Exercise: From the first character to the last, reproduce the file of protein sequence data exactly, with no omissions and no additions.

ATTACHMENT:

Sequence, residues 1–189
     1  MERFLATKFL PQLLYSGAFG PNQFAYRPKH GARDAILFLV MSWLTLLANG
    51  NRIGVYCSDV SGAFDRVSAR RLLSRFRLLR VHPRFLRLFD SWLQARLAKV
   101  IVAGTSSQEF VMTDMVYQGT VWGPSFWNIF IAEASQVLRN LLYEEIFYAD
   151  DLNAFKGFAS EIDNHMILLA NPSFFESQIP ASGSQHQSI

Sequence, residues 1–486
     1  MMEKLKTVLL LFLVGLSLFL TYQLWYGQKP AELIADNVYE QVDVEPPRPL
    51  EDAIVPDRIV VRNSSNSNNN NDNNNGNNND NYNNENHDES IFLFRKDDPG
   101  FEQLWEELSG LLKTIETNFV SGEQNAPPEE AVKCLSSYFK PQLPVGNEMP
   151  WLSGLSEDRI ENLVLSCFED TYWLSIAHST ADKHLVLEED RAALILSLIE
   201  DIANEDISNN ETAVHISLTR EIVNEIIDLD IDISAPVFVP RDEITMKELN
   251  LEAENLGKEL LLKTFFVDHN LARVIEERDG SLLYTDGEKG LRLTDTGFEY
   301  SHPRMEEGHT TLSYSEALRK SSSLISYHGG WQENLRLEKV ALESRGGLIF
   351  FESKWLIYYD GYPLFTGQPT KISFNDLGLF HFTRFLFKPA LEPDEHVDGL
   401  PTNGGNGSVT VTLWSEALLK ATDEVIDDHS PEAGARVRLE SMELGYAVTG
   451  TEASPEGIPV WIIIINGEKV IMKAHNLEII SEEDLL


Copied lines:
Sequence, residues 1–189
     1  MERFLATKFL PQLLYSGAFG PNQFAYRPKH GARDAILFLV MSWLTLLANG
    51  NRIGVYCSDV SGAFDRVSAR RLLSRFRLLR VHPRFLRLFD SWLQARLAKV
   101  IVAGTSSQEF VMTDMVYQGT VWGPSFWNIF IAEASQVLRN LLYEEIFYAD
   151  DLNAFKGFAS EIDNHMILLA NPSFFESQIP ASGSQHQSI

Sequence, residues 1–486
     1  MMEKLKTVLL LFLVGLSLFL TYQLWYGQKP AELIADNVYE QVDVEPPRPL
    51  EDAIVPDRIV VRNSSNSNNN NDNNNGNNND NYNNENHDES IFLFRKDDPG
   101  FEQLWEELSG LLKTIETNFV SGEQNAPPEE AVKCLSSYFK PQLPVGNEMP
   151  WLSGLSEDRI ENLVLSCFED TYWLSIAHST ADKHLVLEED RAALILSLIE
   201  DIANEDISNN ETAVHISLTR EIVNEIIDLD IDISAPVFVP RDEITMKELN
   251  LEAENLGKEL LLKTFFVDHN LARVIEERDG SLLYTDGEKG LRLTDTGFEY
   301  SHPRMEEGHT TLSYSEALRK SSSLISYHGG WQENLRLEKV ALESRGGLIF
   351  FESKWLIYYD GYPLFTGQPT KISFNDLGLF HFTRFLFKPA LEPDEHVDGL
   401  PTNGGNGSVT VTLWSEALLK ATDEVIDDHS PEAGARVRLE SMELGYAVTG
   451  TEASPEGIPV WIIIINGEKV IMKAHNLEII SEEDLL